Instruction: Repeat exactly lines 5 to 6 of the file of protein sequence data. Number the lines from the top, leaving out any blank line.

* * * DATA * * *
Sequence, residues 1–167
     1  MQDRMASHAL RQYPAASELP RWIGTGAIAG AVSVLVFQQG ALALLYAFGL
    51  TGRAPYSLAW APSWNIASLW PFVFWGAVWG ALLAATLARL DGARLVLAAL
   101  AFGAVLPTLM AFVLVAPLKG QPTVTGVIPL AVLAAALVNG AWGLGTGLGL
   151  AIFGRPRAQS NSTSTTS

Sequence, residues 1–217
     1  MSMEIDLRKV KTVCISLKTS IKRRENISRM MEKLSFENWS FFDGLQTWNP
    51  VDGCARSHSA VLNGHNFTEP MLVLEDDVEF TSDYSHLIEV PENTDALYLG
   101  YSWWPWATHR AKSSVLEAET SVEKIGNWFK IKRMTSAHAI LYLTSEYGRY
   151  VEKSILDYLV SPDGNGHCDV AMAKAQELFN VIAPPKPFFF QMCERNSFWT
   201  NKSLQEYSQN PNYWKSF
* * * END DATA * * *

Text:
   151  AIFGRPRAQS NSTSTTS

Sequence, residues 1–217